Important Things You Might Not Know About Your Hearing
Our sense of hearing is provided by a complex system of organs and structures. It can also be greatly misunderstood! While hearing loss is a common condition, there are many misconceptions about hearing and our ears that still persist
The auditory system is one of the major systems in the human body. It is also one of the most sensitive. We depend on its function every single moment in our lives. And when there’s damage, there is a big adjustment and transition. There is no guarantee that one’s ability to hear can be restored to normal, although there may be options for treatment and management of hearing loss.
Provided below a few things about hearing that you may not know.
Things You Should Know About Your Hearing
1. Your ability to hear can deteriorate within 7 seconds
Hearing damage can occur within 7 seconds of loud noise exposure. Hearing damage is determined by two connected factors: how loud and how long. The louder the noise, the less time it takes to cause noise damage. Sounds that are 120 dB, the approximate loudness of a rock concert, can cause hearing damage within 7 seconds. Interestingly, however, the full effect of this noise exposure is often not detectable until years after exposure.
Many people will experience some ringing in the ears or a shift in their hearing immediately after exposure but will recover and feel like their hearing is back to normal. However, noise damage may then be detectable in their hearing years or even decades later. Even at lower levels of noise exposure, noise damage can occur from slightly longer exposures. A good rule of thumb is that if you have difficulty hearing a person speaking standing one metre away, hearing protection should be worn. There are a number of protective ear plugs that can reduce your noise exposure.
Related article: Protective Earplugs
2. Most people with hearing loss are under 65 years old
It’s not true that hearing loss only comes with aging. In Australia, nearly half of all people with hearing loss are of working age (15-65 years old). There are several factors that contribute to auditory malfunctions at a very early age. Hearing loss can occur due to occupational or recreational noise exposure, ear infections, genetics, certain medications and infections, and many other medical issues.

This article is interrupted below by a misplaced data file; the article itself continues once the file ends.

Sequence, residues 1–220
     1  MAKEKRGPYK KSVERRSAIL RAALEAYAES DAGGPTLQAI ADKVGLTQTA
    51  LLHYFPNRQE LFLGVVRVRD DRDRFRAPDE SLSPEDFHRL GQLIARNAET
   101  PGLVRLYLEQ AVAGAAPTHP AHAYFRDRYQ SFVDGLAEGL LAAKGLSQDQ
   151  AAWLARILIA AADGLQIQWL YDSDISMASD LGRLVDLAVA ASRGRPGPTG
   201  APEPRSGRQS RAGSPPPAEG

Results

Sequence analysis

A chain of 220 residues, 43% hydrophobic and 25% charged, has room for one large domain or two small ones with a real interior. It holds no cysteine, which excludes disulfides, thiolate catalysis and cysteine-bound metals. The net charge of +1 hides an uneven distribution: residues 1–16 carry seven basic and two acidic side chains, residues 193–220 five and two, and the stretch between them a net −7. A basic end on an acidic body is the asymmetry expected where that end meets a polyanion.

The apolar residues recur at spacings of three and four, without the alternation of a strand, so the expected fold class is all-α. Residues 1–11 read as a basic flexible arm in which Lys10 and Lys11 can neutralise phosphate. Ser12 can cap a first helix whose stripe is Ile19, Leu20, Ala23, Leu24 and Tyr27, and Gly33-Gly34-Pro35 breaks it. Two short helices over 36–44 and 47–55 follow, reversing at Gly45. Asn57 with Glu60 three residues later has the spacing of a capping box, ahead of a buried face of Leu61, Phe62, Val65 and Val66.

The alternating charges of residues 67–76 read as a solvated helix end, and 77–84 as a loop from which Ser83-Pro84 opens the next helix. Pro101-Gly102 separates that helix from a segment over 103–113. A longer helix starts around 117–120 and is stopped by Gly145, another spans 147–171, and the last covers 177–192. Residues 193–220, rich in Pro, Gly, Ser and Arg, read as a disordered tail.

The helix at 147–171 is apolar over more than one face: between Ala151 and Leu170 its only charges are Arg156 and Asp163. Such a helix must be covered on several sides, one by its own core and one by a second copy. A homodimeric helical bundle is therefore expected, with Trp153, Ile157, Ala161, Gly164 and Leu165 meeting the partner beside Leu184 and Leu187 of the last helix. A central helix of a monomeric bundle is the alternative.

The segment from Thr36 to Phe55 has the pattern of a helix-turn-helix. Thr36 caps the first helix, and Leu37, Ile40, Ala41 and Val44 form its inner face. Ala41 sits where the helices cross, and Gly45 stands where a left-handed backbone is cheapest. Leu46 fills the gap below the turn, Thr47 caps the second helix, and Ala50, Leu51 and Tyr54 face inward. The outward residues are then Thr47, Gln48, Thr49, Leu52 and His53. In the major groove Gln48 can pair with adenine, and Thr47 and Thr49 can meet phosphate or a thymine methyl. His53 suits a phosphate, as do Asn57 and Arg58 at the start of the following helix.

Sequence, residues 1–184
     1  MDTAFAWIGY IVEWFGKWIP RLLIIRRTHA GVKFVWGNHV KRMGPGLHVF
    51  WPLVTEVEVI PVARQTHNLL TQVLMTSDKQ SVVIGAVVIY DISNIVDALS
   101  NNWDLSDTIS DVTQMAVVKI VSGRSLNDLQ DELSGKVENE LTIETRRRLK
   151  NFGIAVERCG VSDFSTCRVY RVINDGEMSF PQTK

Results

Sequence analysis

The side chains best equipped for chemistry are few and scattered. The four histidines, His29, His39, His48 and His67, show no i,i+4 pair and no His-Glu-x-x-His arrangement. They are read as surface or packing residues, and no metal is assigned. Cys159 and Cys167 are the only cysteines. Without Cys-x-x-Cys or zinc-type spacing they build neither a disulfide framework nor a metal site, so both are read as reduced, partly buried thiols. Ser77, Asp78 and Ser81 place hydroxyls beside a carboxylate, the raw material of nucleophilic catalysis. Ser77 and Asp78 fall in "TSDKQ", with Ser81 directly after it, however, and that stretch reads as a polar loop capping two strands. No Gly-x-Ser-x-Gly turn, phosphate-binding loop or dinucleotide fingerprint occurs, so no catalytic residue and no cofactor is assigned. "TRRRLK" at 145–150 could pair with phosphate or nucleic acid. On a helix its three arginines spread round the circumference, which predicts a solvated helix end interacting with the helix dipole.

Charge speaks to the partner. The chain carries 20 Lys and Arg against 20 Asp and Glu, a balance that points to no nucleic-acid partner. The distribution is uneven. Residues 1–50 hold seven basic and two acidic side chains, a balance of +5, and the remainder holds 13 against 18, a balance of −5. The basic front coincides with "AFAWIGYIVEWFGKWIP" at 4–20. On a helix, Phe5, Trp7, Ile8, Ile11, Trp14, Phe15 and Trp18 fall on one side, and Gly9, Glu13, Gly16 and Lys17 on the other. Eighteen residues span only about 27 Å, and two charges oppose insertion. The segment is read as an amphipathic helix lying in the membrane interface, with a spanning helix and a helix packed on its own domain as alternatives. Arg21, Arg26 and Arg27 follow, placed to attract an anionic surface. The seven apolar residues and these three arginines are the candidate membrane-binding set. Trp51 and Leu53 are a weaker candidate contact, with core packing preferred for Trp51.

3. Earwax clean-up does not have to be done regularly
Ear wax occurs as a natural cleaning mechanism of your ear. It exists to lubricate your ear canal with oils to keep the skin healthy, and the natural movement of ear wax out of the ear canal helps move dust, debris and foreign bodies out. If you do not have auditory abnormalities, it is usually not necessary to clean your ears. In some cases, overproduction of earwax can cause infection and/or temporary deafness and temporary tinnitus If you believe this may be the case, you can consult your GP or audiologist.
Also read: What causes tinnitus?
4. Your earphones increase bacteria in your ears
Using ear-buds (or in-the-ear style headphones) for over an hour multiplies bacteria in the ears 700 times, according to recent studies in microbiology. It is possible that this increase in bacteria could cause outer ear infections in some people. Furthermore, the ear-bud can act as a ‘stopper’ which prevents ear wax from naturally moving out of the ear canal. It is recommended that people use anti-bacterial wipes on their earbuds regularly to prevent the introduction of bacteria into the ear canals.
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To read more about the auditory system and the science of one’s ability to hear, check out our websites to access our articles. Our team’s common goal is to provide right information about auditory health and to provide help to those who need it.